As long as Paul had done his homework about the people to whom he would be speaking, as long as he was respectful in addressing them, and as long as Paul held on to his faith, he knew he would be given the words to share with the Greeks.
Now, it’s important for us to also acknowledge that Paul never sold out, never undermined, never compromised his beliefs, his faith. Rather than giving in to what would have been incredible pressure to back away from these deep thinkers and probable scoffers, Paul stood firm.
I remember a conversation with a state leader in South Dakota when the Legislature was considering whether schools should be required to offer foreign languages to elementary and high school students. “Absolutely not!” he pronounced. “All those other people can learn English!”
Now, many will agree with that philosophy. Those who have traveled at all in Europe know that many, many people do speak English. Those who don’t speak French or German or Spanish or Italian would really be lost if so many of our European friends did not speak English. But when we visit those places, even though we may find people who can interpret for us, our lack of knowledge of their languages prevents us from understanding their culture. If we cannot fluently speak the language they speak, we are limited to our own understanding based on the English language.
But today, it’s not just a matter of understanding a culture of people in Europe or Africa or Asia, it is a matter of understanding a culture right here in the United States. When I moved from Missouri to South Dakota and many years later from South Dakota to Wisconsin, I was introduced to an entirely different culture in those places. Yes, the vast majority of them speak English, but the way they think, the way they get and process information, the way they honor traditions and the traditions themselves were foreign to me. Likewise, moving from church to church as a pastor, I had to learn the traditions for each congregation even if they were in the same denomination. I had to take a lesson from Paul as I entered into each new world. I had to listen just as much or more than I preached. I had to be respectful of those who think and believe differently than I do. I had to be understanding of the culture. I had to cover my bases. I learned quickly that people were not going to change to my way of thinking or accommodate the way I grew up. Somehow, I had to become part of them while still remaining true to myself and what I believed to be true and right.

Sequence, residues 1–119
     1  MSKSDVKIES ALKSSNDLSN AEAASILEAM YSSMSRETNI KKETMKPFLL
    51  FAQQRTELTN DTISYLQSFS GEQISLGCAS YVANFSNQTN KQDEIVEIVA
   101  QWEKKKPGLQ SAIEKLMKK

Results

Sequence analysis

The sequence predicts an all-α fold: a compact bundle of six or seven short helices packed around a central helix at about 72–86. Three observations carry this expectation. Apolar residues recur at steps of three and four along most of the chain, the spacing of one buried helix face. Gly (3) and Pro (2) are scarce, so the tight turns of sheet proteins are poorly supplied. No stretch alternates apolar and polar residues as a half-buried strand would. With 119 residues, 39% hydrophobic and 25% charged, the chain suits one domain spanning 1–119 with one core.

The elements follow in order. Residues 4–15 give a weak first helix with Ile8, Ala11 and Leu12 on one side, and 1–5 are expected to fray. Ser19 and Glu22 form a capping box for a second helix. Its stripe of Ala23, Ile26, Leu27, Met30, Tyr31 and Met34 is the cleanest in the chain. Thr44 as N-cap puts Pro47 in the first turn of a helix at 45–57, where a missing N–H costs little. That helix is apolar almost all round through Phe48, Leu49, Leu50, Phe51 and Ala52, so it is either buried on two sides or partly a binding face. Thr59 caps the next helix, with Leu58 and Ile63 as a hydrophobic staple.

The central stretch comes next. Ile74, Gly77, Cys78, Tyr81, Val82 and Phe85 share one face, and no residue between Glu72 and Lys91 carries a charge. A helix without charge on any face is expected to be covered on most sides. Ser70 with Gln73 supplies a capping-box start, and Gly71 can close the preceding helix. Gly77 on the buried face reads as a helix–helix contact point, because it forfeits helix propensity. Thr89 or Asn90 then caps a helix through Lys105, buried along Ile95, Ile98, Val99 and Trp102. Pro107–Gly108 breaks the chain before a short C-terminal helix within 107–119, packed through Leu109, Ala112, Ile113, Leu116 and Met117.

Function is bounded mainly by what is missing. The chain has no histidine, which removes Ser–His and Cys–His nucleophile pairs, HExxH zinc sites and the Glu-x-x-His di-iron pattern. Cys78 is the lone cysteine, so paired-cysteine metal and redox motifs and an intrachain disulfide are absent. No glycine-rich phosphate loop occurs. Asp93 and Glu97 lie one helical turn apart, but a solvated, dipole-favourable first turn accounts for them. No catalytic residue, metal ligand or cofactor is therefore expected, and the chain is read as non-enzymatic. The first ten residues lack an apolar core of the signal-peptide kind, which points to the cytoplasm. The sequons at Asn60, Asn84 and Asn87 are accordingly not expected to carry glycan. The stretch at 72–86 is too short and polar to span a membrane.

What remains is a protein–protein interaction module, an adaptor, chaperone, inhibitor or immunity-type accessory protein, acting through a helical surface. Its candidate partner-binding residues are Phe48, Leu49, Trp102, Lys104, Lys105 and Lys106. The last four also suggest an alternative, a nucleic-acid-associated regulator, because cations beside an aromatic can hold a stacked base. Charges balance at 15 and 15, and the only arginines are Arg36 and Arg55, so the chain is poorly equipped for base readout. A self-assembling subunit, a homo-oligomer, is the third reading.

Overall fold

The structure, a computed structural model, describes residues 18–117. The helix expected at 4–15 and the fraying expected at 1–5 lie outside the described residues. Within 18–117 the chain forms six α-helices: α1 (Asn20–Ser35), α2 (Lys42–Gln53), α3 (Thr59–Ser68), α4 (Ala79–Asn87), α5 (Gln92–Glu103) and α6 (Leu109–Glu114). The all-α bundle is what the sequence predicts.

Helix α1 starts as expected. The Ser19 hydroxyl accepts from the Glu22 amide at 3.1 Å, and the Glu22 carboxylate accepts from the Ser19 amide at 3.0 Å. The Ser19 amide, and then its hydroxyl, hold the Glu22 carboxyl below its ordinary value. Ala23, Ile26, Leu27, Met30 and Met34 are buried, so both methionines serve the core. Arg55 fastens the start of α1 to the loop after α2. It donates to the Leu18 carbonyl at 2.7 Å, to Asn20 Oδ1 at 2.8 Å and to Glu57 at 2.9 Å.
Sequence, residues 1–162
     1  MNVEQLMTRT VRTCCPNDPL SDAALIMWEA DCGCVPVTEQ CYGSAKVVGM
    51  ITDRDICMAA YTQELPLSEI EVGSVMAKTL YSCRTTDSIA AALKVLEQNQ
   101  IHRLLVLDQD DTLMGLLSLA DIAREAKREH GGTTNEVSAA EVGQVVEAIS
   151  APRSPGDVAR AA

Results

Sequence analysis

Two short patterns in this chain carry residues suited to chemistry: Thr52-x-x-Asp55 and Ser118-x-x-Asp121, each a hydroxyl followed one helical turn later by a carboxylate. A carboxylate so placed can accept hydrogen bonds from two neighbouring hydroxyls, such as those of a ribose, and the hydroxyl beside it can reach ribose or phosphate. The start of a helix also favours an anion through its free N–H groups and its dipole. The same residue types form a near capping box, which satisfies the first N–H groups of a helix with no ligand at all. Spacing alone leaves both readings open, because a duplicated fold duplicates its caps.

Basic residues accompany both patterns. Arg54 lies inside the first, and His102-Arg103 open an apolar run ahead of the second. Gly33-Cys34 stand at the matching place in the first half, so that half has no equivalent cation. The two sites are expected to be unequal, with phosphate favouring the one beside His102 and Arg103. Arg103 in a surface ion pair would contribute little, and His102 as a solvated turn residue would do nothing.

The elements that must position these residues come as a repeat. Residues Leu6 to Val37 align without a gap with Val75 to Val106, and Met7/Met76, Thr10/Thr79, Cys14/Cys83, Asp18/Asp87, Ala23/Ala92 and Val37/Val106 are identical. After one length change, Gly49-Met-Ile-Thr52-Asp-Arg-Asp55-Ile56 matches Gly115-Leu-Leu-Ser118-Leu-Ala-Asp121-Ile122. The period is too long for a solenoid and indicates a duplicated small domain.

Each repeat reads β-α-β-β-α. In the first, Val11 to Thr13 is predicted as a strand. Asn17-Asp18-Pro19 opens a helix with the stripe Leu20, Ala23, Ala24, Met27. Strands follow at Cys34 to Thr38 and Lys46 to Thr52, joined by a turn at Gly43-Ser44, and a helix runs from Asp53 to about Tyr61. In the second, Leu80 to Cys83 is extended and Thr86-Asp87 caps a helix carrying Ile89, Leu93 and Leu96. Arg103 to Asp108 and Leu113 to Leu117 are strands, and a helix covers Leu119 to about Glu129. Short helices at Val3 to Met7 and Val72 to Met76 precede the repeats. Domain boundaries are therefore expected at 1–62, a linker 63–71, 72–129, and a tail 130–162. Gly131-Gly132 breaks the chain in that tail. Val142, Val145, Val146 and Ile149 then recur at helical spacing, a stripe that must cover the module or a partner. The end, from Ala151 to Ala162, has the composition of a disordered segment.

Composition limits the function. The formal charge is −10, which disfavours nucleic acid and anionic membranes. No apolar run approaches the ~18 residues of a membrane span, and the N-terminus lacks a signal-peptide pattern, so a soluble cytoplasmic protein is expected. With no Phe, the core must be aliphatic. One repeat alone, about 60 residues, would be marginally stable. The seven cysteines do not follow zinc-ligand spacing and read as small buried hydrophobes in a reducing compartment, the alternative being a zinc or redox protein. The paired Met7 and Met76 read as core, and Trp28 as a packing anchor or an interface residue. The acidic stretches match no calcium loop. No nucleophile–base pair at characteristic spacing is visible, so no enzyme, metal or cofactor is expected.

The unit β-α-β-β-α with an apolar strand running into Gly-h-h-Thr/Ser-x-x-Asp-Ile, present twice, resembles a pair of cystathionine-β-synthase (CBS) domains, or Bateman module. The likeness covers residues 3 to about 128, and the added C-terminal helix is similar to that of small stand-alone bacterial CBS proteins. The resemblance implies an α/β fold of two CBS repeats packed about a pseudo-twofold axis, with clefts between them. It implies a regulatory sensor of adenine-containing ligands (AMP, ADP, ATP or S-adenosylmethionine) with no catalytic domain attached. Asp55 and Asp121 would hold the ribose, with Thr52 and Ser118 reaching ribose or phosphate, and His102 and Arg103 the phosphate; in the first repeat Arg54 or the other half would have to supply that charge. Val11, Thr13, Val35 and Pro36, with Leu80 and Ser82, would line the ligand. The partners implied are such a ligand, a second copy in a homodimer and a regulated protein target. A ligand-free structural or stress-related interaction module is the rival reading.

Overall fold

The one mistake I made and which I immensely regret was working so hard to lose my Missouri accent when I moved to South Dakota. No kidding; I used to sit in my dorm room and practice saying, “How now brown cow?” without a twang. I accomplished it. And I fit in. People were more open to me because they assumed I was just one of them. Perhaps it was necessary when I was so young and trying to learn the ways of the world. Now I just miss my accent and I celebrate every time I return to Missouri and hear it again.
Whenever we balk at changes in the world; whenever we look at how people outside of our family live and believe and we find ourselves in judgment of them, we have to remember that we are not here or there to force our beliefs on anyone. Rather, we are to listen, to understand, and then share our ideas, our beliefs, our traditions. Because the culture has changed even in those places we have lived our entire lives, because traditions are not as important for some as they are for many of us, we cannot afford to get angry or take our ball and go home. Rather, what we are to do is what Paul did: size up the other team; figure how what’s important to them; listen to their needs and their fears. In so doing, we’ll learn how best to cover our bases in order to defend our beliefs whether they are religious or political.
We need to cover our bases. The point is not to be individual winners in a shouting contest or in the passing of judgment. We have control of the ball. But we obviously need to be more open to the needs of others in order to make the most of our nine innings. That’s playing offense defensively.
22 Then Paul stood in front of the Areopagus and said, “Athenians, I see how extremely religious you are in every way. 23 For as I went through the city and looked carefully at the objects of your worship, I found among them an altar with the inscription, ‘To an unknown god.’ What therefore you worship as unknown, this I proclaim to you. 24 The God who made the world and everything in it, he who is Lord of heaven and earth, does not live in shrines made by human hands, 25 nor is he served by human hands, as though he needed anything, since he himself gives to all mortals life and breath and all things. 26 From one ancestor he made all nations to inhabit the whole earth, and he allotted the times of their existence and the boundaries of the places where they would live, 27 so that they would search for God and perhaps grope for him and find him—though indeed he is not far from each one of us. 28 For ‘In him we live and move and have our being’; as even some of your own poets have said, ‘For we too are his offspring.’ – Acts 3:22-28Share here: